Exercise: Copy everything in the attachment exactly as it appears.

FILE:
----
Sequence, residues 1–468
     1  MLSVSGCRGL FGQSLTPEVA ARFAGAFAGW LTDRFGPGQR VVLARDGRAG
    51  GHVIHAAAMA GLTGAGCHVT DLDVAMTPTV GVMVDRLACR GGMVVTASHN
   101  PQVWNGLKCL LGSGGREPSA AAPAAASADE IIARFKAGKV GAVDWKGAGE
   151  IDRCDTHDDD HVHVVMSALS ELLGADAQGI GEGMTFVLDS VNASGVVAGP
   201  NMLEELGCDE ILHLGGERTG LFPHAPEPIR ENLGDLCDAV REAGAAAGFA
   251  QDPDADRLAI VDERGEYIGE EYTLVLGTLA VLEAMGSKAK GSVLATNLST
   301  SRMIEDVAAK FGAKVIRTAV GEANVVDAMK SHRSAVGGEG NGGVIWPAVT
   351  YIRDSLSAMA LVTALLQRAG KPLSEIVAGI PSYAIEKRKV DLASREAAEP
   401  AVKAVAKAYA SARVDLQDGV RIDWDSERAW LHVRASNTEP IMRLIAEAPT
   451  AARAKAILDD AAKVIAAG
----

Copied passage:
Sequence, residues 1–468
     1  MLSVSGCRGL FGQSLTPEVA ARFAGAFAGW LTDRFGPGQR VVLARDGRAG
    51  GHVIHAAAMA GLTGAGCHVT DLDVAMTPTV GVMVDRLACR GGMVVTASHN
   101  PQVWNGLKCL LGSGGREPSA AAPAAASADE IIARFKAGKV GAVDWKGAGE
   151  IDRCDTHDDD HVHVVMSALS ELLGADAQGI GEGMTFVLDS VNASGVVAGP
   201  NMLEELGCDE ILHLGGERTG LFPHAPEPIR ENLGDLCDAV REAGAAAGFA
   251  QDPDADRLAI VDERGEYIGE EYTLVLGTLA VLEAMGSKAK GSVLATNLST
   301  SRMIEDVAAK FGAKVIRTAV GEANVVDAMK SHRSAVGGEG NGGVIWPAVT
   351  YIRDSLSAMA LVTALLQRAG KPLSEIVAGI PSYAIEKRKV DLASREAAEP
   401  AVKAVAKAYA SARVDLQDGV RIDWDSERAW LHVRASNTEP IMRLIAEAPT
   451  AARAKAILDD AAKVIAAG